Dan and Arno’s 2013 in Review: Best Debuts
We like to think that a list like this is pretty much mandatory each year, if only to highlight the importance of fresh new talent. While some of these aren’t really “new” bands per se, they’re a new entity and a fresh face. We’ve covered everything here during the year, but some of it has received much more attention than others. So then, in no particular order…
1) Gloryhammer – Tales From The Kingdom Of Fife
Arno: When first it was announced that Christopher Bowes of Alestorm-fame/infamy was releasing a full-fledged fantasy power metal album, I had more doubts than when I’m drunk and in line to order some fried food or other. I remained vaguely optimistic and in the end was pleasantly surprised. Not only is Tales From The Kingdom Of Fife a tongue-in-cheek deconstruction of the Rhapsody-model (itself lifted directly from Joseph Campbells hero-model), it’s also a wonderful homage to it. It’s the Scream or Kick-Ass of power metal records. Now that Alestorm’s gimmick is running staler than a thousand-year-old barrel of rum, it’s nice to see Bowes has another trick up his sleeve than that pony of his. Heroic Scotsman Angus McFife fights evil-bloke-of-the-week Zargothrax (son of Wonderwax) and his army of evil unicorns FOR THE SAKE OF DUNDEE! It doesn’t get more ridiculous or delightful than this.
2) Evertale – Of Dragons And Elves
Dan: To utilize a common cliché, we can’t stop talking about this album (seriously, I think it’s been featured on every list from the two of us on the year). I’m not going to say much here, consequently, other than there has probably never been a more explosive fantasy power metal debut album (I easily include Rhapsody in this statement), that Evertale has mastered songwriting maturity far beyond its years, and that ignorance of this album is unacceptable
3) Bane Of Winterstorm – The Last Sons Of Perylin
Arno: Fantasy power metal got a boost back in 2011 when Dragonland and Lorenguard decided to rewrite the Rhapsodian rulebook. Since then, some bands have taken note, most notably (see above) Evertale, as well as Australia’s Bane Of Winterstorm. The Last Sons Of Perylin shows as much dedication to story as you’re likely to find this side of an actual book (remember when books weren’t movies?), and can therefore be a little introverted on the first spin. I still don’t know what it’s about (blame me for not picking this one up on CD yet), but I’m assuming Perilyn’s a country (or a king), the sons are supposed to save it, and they’re in short supply (no word on daughters, though). Details be damned, because the music gives you an appropriate idea of the story’s epic scope and is suitably dark, thrilling, and adventurous. It wouldn’t hurt the Aussies to write some shorter songs, but their debut functions so well as a whole that it’s a minor thing to complain about.
4) Heavatar – Opus I – All My Kingdoms
Arno: We all know Van Canto: the band that went from an a cappella gimmick to metal legitimacy. Haven’t you always wondered, though, what Stephan Schmidt’s music would be like with actual guitars instead of guys imitating them? Look no further, because Heavatar is just that. It’s Van Canto in 3D: a blend of neoclassical elements and Blind Guardian-styled German power metal with Schmidt showing an impressive vocal reach outside the rakkatakka-area. You may have heard some of the melodies before, but other than its influences – both internal and external – it’s one hundred percent original and doesn’t have a single cover version. Van Canto will probably always be the priority (because it makes more money), but if it were up to me, I’d rather have another Heavatar than an a cappella recreation of *insert random rock/metal classic here*.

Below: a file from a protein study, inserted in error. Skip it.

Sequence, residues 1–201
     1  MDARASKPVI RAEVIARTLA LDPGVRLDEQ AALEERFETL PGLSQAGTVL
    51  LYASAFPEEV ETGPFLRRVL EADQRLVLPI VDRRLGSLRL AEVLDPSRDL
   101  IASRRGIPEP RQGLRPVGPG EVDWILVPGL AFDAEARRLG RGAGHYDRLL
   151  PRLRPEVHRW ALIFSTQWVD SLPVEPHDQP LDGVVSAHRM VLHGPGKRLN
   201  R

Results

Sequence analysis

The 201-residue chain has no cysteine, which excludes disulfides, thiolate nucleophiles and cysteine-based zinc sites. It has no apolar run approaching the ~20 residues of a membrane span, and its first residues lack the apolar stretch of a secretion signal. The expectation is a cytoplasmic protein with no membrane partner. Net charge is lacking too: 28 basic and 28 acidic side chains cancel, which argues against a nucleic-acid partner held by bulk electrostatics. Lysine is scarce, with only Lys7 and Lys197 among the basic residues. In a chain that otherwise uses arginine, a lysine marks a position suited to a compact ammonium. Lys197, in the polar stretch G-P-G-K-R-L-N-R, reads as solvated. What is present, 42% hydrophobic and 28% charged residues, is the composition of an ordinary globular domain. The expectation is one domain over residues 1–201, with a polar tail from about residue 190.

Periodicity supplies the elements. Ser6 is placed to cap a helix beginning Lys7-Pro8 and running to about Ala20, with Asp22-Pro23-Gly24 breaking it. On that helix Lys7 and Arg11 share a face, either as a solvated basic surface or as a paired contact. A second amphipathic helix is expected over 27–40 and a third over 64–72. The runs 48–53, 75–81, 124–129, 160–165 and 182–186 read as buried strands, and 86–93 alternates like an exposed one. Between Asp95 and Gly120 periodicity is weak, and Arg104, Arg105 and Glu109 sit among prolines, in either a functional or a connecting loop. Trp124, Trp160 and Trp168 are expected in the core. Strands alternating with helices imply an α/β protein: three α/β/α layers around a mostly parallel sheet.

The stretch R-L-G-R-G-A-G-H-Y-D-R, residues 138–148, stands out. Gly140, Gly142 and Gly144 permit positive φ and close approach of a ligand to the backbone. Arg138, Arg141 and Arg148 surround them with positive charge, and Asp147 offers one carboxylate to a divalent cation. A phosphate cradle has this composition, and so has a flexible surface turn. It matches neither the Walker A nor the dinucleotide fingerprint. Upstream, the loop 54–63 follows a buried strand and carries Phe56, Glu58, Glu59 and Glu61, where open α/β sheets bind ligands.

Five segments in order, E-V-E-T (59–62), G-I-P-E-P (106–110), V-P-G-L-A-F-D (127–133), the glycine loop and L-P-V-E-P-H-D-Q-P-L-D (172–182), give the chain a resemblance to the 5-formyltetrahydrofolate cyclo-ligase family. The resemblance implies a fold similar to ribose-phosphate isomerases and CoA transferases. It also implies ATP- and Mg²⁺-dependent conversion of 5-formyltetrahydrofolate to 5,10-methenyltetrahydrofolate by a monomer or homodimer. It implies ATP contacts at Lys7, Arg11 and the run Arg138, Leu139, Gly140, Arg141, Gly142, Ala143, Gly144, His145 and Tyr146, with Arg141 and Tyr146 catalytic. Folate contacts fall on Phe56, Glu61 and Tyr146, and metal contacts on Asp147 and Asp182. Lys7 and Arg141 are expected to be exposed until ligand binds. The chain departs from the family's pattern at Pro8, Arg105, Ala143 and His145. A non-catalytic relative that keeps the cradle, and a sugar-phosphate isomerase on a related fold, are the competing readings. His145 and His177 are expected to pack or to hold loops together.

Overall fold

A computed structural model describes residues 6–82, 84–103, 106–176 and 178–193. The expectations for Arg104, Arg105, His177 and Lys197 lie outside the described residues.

5) Withem – The Point Of You
Dan: Choppy, driving, mixed-tempo melodic prog never sounded so good this year, at least until Withem showed up. Or, as I like to think of them, “The band of spontaneous chugs, screams, and flourishes, all done up so nicely that you just keep craving more”. This is precisely the kind of prog that, at the beginning of last year, I wouldn’t have thought totally viable, but which young bands like Illusion Suite and Withem conjure up in overwhelming waves. Smooth charisma rebounds off of heavy developmental sections in a manner as accomplished as genre veterans such as Seventh Wonder and Circus Maximus. If I didn’t know better, I’d have guessed this release was the breaking-out third or fourth release from a well-established act. Bravo!
6) Nautiluz – Leaving All Behind
Dan: Peru has churned out half a dozen poor to decent power metal bands in the last few years (Yawarheim, Aevum, and The Fallen Symmetry come to mind), but nothing like this. Nautiluz’s debut is polished, professional, and anthemic Euro-styled power metal with a few of the band’s own touches. Let’s not fool around here though: fast and catchy is the order of the day, and Nautiluz has immediately placed itself alongside fluffy genre darlings like Power Quest, ReinXeed, Freedom Call, and others with Leaving All Behind. Whether or not they stay there and grow that success is the story of their next album, but there’s enough quality material here to ensure that a milestone of non-Brazilian South American power metal has been placed.